As grounds for Yhwh’s veto on David’s building the temple, the charge of shedding blood, in Chronicles made against David alone (1 Chr 22,8; 28,3), poses questions both about what is being referred to, and how the charge explains the veto, given that in the Hebrew Bible no other Israelite warrior incurs the charge for killing in warfare. This article explicates the charge, highlights how surprising it is, and then develops a line of argument, drawn principally from Num 31 and 35, that can explain how the Chronicler understood the charge both to be warranted, and to justify Yhwh’s veto.
Only three royal couples in the HB are seen in direct communication. Of these, two, namely Ahab and Jezebel, Ahasuerus and Esther, contribute unique insights into the interpretative and redactional processes that cast later narratives around themes of earlier stories, and both around the figure of a queen. In this article I explore the hypothesis that the scroll of Esther was shaped as a reversible version of the Jezebel cycle. With the aid of narratives of the early Roman monarchy, a sensitive and sensible reading of the biblical texts relating to Jezebel and Esther demonstrates the constructive process of an ideology of queenship. Underlying both constructs is a condemnation of monarchy in general.
The growing discussion about the methodological connections between a synchronic oriented Form-analysis and a diachronic type of Form criticism has in no way resulted in concerns lying behind both methodological approaches being resolved. On the contrary, the crisis of the classical methodological approaches can also open up a perspective on connections that have up to now been insufficiently considered. The present study attempts to demonstrate with the example of Mark 9,14-29 what methodological conclusions result for the question of reader reception from the Form-analysis of a narrative text.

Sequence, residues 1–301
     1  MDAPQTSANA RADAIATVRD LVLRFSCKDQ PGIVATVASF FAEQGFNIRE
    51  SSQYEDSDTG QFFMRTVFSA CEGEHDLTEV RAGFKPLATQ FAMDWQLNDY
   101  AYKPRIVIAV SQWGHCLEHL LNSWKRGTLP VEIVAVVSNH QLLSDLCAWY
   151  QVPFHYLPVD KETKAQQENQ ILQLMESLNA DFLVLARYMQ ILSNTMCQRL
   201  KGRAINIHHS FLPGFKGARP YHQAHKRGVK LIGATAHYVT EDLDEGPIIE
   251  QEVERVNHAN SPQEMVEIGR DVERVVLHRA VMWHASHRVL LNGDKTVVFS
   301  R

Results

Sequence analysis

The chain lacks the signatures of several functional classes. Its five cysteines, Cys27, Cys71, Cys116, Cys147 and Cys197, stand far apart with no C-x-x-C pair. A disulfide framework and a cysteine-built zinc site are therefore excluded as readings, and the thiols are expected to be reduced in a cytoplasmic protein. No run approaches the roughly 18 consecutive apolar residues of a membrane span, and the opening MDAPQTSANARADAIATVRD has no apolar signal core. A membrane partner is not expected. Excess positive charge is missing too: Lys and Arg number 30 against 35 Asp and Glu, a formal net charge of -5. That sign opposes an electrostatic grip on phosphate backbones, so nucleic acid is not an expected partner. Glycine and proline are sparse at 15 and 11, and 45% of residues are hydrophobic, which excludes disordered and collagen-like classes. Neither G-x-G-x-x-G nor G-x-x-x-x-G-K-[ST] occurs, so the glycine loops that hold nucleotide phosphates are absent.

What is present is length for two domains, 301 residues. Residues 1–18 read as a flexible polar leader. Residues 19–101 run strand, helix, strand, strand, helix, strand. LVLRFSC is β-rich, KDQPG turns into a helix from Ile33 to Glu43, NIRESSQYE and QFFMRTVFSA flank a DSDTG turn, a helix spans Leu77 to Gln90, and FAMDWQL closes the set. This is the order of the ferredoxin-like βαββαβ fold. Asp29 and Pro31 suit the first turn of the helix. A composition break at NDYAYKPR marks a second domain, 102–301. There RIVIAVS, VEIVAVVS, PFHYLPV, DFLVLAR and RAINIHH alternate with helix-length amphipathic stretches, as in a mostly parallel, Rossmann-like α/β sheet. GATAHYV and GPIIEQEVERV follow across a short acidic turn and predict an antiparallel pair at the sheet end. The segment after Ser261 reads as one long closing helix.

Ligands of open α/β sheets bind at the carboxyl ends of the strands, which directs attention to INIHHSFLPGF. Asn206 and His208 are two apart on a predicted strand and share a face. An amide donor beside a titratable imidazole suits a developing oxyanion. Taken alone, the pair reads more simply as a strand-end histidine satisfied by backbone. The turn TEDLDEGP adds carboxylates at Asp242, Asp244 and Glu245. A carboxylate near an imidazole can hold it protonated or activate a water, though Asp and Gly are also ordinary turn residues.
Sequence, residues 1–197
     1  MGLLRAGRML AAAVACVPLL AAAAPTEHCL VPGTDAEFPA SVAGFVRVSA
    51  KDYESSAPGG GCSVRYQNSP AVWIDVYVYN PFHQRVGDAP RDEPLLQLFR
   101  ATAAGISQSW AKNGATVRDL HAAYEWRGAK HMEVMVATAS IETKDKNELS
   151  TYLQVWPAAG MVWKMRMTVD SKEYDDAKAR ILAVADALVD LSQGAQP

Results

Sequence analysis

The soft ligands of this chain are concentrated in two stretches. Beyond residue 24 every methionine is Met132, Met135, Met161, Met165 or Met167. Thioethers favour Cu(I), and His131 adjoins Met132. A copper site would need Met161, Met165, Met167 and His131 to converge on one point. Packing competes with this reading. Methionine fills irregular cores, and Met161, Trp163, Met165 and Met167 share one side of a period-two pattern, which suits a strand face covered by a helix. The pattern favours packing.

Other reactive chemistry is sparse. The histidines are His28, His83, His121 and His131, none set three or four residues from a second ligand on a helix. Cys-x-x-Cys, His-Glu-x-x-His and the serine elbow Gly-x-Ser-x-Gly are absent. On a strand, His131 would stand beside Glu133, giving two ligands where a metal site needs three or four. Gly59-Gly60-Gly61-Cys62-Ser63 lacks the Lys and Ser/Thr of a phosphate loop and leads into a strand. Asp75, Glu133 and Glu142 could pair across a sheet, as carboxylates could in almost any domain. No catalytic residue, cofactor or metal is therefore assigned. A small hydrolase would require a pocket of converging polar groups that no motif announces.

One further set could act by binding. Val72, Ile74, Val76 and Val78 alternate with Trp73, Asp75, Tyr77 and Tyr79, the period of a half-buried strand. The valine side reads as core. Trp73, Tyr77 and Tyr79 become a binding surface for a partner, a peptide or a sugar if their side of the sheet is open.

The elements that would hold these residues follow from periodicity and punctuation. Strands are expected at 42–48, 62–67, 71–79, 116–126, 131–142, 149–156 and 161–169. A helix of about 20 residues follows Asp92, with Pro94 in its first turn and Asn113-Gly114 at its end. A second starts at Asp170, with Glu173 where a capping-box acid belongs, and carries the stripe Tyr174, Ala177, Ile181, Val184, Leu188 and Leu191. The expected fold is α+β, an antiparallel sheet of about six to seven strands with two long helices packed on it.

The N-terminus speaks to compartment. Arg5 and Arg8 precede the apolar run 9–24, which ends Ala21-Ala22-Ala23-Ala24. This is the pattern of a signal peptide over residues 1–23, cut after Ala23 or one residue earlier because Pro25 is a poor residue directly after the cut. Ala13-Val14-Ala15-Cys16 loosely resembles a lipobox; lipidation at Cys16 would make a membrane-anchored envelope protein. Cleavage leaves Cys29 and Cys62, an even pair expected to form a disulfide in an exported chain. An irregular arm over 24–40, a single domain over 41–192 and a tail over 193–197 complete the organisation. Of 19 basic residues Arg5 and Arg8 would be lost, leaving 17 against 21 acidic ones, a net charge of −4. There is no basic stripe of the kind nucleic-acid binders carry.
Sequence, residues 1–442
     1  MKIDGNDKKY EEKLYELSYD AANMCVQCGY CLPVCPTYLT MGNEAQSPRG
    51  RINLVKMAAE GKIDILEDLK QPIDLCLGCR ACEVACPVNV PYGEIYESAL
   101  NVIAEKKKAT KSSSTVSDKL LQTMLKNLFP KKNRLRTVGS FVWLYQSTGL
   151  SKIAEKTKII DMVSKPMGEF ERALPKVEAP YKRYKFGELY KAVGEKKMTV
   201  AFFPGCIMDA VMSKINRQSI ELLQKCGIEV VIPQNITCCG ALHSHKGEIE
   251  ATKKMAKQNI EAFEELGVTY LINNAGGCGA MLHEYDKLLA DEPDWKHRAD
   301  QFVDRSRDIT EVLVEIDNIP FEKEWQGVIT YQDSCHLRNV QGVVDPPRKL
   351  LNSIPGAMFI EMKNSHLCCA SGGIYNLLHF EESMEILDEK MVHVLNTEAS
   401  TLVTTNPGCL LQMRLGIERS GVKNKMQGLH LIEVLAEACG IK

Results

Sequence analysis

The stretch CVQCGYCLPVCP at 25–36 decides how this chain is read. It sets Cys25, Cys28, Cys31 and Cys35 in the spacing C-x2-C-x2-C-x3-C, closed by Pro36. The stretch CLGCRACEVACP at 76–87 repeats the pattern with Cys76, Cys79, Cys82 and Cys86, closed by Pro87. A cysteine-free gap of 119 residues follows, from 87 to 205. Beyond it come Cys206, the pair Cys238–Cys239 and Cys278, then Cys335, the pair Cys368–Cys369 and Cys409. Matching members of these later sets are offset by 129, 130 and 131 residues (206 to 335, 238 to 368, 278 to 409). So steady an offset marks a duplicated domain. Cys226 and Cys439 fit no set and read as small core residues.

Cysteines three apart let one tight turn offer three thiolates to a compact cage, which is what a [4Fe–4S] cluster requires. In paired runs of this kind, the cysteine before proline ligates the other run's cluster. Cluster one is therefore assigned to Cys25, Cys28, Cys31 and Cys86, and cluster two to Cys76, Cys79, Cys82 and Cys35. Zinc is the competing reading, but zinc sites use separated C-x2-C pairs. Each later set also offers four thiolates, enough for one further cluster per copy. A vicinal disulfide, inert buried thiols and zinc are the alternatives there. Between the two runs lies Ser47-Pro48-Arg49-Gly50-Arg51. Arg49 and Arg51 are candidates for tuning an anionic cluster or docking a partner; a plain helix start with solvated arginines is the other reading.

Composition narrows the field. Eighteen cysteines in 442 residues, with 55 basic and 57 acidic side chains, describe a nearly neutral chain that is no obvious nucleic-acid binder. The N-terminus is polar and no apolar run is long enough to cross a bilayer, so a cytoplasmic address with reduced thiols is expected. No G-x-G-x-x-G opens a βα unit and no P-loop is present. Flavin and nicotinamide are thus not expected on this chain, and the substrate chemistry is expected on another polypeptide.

It is usually thought that Matthew emphasizes the imperative at the expense of the indicative, demand over gift. Identifying Matthew’s indicative is difficult because in chapters 5–25, insofar as disciples are concerned, the narrative is told in terms of ‘omnipotence behind the scenes’. In Matt 5–25 four techniques appropriate to such a method of narration speak of the divine indicative in relation to the imperative. They are (1) I am with you/in your midst, (2) invoking the divine name, (3) it has been revealed to you/you have been given to know, and (4) being with Jesus. They show Matthew’s soteriology is by grace from start to finish.
3 Maccabees demonstrates some suggestive affinities with
Euripides’ Bacchae. The protagonists of both works are kings who become
theomachoi. Pentheus and Ptolemy IV Philopator rashly attempt to spy on
things that they ought not, and each suffers for his repeated hybris.
Each king also attempts to kill the devotees of the god against whom he
struggles, and each is punished with a disordering of his mental state.
3 Maccabees further develops the theme of theomachy by stressing the associations between Dionysus and Ptolemy IV Philopator — the ‘New Dionysus’. YHWH effortlessly triumphs over the ‘New Dionysus’ with Dionysus’ own devices — sleep and oblivion. Ironically, Philopator is only able to serve Dionysus at YHWH’s pleasure. The Jewish people in Egypt may well be under the authority of Philopator, but Philopator only rules by the authority of the God of Israel. The author, therefore, draws on the literary heritage of the Greeks to pillory Philopator’s Dionysiac pretensions.
2 Peter presents Jesus as savior in that he purchased his followers from
slavery to corruption and the defilements of the world. Human beings became
slaves of corruption through erroneous thinking and following the desires of the
flesh, i.e. sin. Jesus’ followers have been released from this servitude by their
recognition that Jesus has purchased them from their previous owner and is now
their master. The ethical teaching of 2 Peter is based on continuing in the freedom
from slavery to sin that has come through Jesus. The eschatological teaching of 2
Peter describes the completion of salvation, the culmination of both slavery to sin
and following Jesus.
The Pauline character of the soteriology of 2 Peter is very marked. In view of the author’s claim (in 2 Pet 3,16) that Paul agrees with what the author has said, this is not surprising.